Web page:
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Outlaw King: The Brutal Fight for Scottish Independence


Anchored by a great cast and some beautiful direction, Outlaw King makes the most of its Scottish, war-torn backdrop.

As a giant history nerd, I was going to enjoy Outlaw King no matter what. That doesn’t take away from the objective truth that the film is a flawed period piece that features some outrageous fight scenes and great chemistry between what’s ostensibly the two lead characters.

Hyper-focused history

Enjoying its world premiere at the 2018 Toronto International Film FestivalOutlaw King focuses on the fight for Scottish independence led by Sir Robert the Bruce from King Edward and the English army. The film begins with William Wallace forced into hiding after his rebellion is crushed at the battle of Selkirk. Bruce and other Scottish lords have capitulated to King Edward and England pretty much owns Scotland for lack of a better term. The film follows Bruce’s journey as he breaks “peace,” with England and ignites a second, successful rebellion.

As a film, it’s impossible for Outlaw King to cover a few hundred years of history in two hours and ten minutes. But as a both a standalone narrative and a chapter in Scottish history, director David Mackenzie (from the underrated Hell or High Water) does an admirable job of telling a story worth caring about.

If you know anything about the time period (1304-1306), the story beats could feel familiar and it’s pretty easy to guess where the narrative is going. But a slew of awesome performances keep the uneven pacing bearable and Chris Pine, sporting a matted and muddy mullet thing, plays brooding scotsman with ease. His accent wavers throughout, but in the scenes where it counts emotionally, he’s able get there. More surprising is his [second wife] Elizabeth de Burgh played by the fantastic Florence Pugh. It’s an arranged marriage that’s supposed to help solidify the relationship between England and Scotland.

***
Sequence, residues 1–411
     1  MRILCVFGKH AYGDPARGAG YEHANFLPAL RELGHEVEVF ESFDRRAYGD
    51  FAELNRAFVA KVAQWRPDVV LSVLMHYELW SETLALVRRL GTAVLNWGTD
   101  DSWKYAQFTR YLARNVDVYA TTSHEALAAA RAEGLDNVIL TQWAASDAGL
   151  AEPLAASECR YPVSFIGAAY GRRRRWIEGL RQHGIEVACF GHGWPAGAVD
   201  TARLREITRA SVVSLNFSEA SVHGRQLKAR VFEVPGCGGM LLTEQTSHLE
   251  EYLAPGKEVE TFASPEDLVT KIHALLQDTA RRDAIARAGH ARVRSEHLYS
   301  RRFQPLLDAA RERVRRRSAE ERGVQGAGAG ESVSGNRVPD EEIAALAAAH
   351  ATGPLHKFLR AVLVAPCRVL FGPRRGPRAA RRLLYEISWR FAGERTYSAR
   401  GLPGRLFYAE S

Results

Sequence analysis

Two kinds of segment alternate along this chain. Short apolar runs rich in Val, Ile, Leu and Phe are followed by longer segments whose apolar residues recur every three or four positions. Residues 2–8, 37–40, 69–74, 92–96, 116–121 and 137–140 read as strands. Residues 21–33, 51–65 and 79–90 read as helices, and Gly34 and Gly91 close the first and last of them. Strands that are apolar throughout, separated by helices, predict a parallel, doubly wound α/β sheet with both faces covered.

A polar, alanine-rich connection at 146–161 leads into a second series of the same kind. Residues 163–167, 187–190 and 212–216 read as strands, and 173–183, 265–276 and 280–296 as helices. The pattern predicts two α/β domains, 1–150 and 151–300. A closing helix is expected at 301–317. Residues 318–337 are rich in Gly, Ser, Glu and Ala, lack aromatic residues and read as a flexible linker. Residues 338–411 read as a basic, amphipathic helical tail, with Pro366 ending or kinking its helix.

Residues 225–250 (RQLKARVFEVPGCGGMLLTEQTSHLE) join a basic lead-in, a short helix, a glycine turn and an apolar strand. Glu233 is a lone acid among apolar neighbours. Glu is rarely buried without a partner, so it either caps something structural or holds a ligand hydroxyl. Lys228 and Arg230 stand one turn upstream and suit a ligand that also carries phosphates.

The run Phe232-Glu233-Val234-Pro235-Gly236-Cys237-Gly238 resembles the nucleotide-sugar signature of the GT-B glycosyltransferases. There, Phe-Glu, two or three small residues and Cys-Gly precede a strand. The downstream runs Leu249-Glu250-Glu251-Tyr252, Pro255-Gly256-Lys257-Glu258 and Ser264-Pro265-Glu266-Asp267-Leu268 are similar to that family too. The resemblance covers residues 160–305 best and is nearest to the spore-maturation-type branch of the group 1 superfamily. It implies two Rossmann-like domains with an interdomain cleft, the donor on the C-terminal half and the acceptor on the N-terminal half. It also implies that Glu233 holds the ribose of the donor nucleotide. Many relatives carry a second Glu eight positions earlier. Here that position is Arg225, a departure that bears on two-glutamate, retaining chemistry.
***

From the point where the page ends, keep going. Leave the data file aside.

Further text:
Outlaw King Netflix

Scene stealing chemistry

Their relationship has an interesting arc beginning with the fact that they want nothing to do with one another. Bruce is still mourning the death of his first wife and de Burgh, well, I wouldn’t want to be there either. But throughout the film they come to respect each other and ultimately have a tender relationship that felt believable. Pugh steals every scene she’s in, giving the eventual Queen of Scotland a distinct personality and never once borders on damsel in distress.

And if you want to talk about scene stealers, Aaron Taylor-Johnson shows up periodically as James Douglas, a psychotic foot soldier with a score to settle with the English. He’s only on screen for about 10 minutes overall, but Taylor-Johnson is so animalistic and bombastic, you can’t help but sit up in your seat.


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A beautiful bloody mess

There’s no denying Outlaw King is a beautiful film. And it’s almost a guarantee, given the landscape Scotland has to offer, that the film would be shot well. Cinematographer Barry Ackroyd balances the great expanse of the Scottish countryside with those intimate and often brutal moments of combat. Like I mentioned off the top, there’s a pretty cool one-take shot that opens the film and lasts for a good 12 minutes. In an era where the one-take has become a game of oneupmanship, Mackenzie’s feels lowkey and subtle.

Speaking of the battle scenes, they’re spaced out well, giving each one room to breathe. When they do erupt, beginning with a terrifying nighttime ambush, they arrive fast and heavy. The CGI blood is more noticeable than I’d like, and because Outlaw King chooses to get real gory with the action, it’s a hard thing not to notice.

Overall, Mackenzie—who also co-wrote the script—stay pretty faithful to historical record. This being Hollywood, some artistic license was taken, but beside some strange lead character, hero worship stuff, the film does a great job of giving a sense of what things could have been like back then.

Outlaw King arrives on Netflix November 9, and if you’re in the mood for a sweeping historical epic that’s surprisingly intimate and character driven, you can’t go wrong with this one. And yes, Chris Pine gets butt naked for roughly 30 seconds. Is Outlaw King worth watching just for the dong shot? You’ll have to watch for yourself.

By Devin Jones

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